For some perspective on the all-important US real estate market, the chart below illustrates the inflation-adjusted median price of a single-family home in the United States over the past 43 years. Not only did housing prices increase at a rapid rate from 1991 to 2005, the rate at which housing prices increased — increased. All those gains were given back during the following 6.5 years. Over the past three months, however, the median price of a single-family home has surged by over 10% — the second biggest three-month gain on record (the data goes back to 1968). Not surprisingly, this three-month surge has resulted in new post-financial crisis highs.
The chart below shows the S&P TSX Real Estate, Gold, Energy and Financial Services Indices as well as the Bank of Canada Commodities Index (CCI) all valued in CA$. In April 2013 Gold slumped again and for the first time since November 2008 it dropped decisively below the energy and real estate indexes barely above the financials. The Bank of Canada Commodities Index has been rising on a slumping CAD/USD pair as the U.S. Dollar rally puts pressure on a lot of orthodox positions. We should note that March 2013 is when the Eurozone introduced its bank “bail-in” template for Cypriot investors. In common parlance, bank accounts are akin to a Bernie Madoff deposit scheme. Will Canadian asset prices be jacked up via Eurozone capital flight as it has with the Asian carry? It is showing up at the whale level. On the other side, one feature of a massive global post bubble deflation is debt revulsion. In Japan during their decades long contraction, savings increased as investors repaired their balance sheets. These are volatile times.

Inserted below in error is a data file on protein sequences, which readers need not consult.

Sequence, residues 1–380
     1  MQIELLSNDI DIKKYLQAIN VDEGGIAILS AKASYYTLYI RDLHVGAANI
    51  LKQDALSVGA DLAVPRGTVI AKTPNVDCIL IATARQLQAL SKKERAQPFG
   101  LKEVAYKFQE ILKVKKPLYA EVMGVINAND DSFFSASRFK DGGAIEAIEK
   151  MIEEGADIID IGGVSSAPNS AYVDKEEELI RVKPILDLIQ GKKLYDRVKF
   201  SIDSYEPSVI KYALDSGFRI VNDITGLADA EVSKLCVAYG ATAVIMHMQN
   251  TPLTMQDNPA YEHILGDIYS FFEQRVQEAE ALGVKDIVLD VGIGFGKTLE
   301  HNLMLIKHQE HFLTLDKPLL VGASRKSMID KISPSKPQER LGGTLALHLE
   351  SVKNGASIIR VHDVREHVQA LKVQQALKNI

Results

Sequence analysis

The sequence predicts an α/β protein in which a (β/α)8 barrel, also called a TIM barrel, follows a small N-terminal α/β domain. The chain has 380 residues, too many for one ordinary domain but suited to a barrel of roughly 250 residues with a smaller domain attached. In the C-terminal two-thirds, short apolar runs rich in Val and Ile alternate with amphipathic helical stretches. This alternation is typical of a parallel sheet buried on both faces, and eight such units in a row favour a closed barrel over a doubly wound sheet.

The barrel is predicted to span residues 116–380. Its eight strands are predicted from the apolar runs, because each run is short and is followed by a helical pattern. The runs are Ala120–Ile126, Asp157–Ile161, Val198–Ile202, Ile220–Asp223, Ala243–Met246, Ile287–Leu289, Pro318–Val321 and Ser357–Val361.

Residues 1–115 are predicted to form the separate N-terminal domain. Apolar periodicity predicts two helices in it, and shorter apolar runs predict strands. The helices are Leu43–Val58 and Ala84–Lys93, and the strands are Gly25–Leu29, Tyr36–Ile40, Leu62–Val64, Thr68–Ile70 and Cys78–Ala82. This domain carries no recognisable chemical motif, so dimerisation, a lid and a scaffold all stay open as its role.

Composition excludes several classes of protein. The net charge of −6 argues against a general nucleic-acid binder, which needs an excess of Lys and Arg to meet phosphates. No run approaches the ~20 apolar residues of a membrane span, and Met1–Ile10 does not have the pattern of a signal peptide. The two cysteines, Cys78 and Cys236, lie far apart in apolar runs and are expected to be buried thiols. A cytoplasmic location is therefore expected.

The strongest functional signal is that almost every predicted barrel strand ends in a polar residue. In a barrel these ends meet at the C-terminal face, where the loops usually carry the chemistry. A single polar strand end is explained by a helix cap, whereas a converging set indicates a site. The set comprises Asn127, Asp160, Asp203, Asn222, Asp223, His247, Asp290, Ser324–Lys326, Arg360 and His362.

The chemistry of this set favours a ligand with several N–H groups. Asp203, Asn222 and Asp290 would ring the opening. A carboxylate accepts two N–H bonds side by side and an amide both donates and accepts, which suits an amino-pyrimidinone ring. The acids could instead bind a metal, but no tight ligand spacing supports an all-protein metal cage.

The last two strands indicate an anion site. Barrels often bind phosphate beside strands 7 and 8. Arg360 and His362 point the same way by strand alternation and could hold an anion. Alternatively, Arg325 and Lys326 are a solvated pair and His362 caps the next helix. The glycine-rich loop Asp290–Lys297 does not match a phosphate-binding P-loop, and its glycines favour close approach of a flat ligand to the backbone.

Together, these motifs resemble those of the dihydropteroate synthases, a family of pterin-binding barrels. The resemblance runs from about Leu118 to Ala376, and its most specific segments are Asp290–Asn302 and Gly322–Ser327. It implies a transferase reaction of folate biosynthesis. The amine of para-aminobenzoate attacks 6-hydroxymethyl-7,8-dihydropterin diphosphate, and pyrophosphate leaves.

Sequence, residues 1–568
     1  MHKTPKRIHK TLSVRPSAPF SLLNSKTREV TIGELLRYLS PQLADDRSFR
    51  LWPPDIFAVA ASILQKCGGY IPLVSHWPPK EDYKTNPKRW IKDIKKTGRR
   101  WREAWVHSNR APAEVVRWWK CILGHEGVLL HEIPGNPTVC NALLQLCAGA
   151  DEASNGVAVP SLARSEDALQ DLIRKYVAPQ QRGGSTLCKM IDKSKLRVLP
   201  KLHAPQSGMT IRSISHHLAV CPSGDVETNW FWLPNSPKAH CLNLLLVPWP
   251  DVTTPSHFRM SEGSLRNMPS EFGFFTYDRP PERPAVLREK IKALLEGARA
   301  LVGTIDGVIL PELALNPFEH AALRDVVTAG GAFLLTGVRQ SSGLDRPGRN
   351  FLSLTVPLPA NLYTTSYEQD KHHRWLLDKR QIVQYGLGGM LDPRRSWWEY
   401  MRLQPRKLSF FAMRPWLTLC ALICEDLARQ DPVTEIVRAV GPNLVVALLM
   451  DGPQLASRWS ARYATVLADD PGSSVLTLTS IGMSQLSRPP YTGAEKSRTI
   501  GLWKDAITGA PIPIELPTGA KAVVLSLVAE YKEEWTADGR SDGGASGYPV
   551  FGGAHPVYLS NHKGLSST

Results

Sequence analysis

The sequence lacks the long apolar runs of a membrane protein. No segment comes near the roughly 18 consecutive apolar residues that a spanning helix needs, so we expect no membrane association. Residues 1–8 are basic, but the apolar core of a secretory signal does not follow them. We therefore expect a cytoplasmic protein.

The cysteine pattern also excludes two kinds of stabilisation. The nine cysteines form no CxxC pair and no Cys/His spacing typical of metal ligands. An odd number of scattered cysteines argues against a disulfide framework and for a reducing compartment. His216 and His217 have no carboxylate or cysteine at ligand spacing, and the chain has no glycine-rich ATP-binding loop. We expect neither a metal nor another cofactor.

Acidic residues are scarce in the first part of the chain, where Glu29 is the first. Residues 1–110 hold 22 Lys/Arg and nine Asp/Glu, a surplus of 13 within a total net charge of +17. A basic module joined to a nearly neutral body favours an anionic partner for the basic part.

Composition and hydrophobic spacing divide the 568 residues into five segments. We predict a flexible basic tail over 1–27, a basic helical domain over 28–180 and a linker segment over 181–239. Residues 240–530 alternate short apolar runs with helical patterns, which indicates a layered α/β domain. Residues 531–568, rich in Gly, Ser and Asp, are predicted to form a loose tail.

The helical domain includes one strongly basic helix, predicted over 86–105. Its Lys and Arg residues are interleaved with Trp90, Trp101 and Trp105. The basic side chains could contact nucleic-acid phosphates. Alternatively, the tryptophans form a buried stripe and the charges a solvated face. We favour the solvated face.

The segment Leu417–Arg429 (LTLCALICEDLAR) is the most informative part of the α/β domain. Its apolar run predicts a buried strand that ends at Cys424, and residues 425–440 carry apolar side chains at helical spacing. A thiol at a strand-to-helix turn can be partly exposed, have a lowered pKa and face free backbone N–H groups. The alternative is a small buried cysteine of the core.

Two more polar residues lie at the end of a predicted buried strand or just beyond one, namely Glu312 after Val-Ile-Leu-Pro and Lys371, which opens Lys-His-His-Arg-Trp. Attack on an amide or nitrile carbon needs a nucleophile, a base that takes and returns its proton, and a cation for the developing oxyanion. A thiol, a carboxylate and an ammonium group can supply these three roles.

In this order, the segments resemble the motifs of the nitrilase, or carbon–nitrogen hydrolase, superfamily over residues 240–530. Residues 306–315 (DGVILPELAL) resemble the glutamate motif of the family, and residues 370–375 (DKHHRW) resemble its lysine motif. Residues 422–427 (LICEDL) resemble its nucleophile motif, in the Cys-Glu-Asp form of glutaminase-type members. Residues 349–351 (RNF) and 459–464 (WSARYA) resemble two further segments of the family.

Does the real estate rally continue? The answer may surprise you. Find out now with the exclusive & highly regarded charts of Chart of the Day Plus.